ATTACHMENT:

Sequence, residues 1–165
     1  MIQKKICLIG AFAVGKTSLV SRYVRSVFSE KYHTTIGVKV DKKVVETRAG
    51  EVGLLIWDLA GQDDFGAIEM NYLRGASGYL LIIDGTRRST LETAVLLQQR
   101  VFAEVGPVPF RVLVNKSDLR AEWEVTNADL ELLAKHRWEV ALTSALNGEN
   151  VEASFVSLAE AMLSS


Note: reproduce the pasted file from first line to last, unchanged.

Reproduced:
Sequence, residues 1–165
     1  MIQKKICLIG AFAVGKTSLV SRYVRSVFSE KYHTTIGVKV DKKVVETRAG
    51  EVGLLIWDLA GQDDFGAIEM NYLRGASGYL LIIDGTRRST LETAVLLQQR
   101  VFAEVGPVPF RVLVNKSDLR AEWEVTNADL ELLAKHRWEV ALTSALNGEN
   151  VEASFVSLAE AMLSS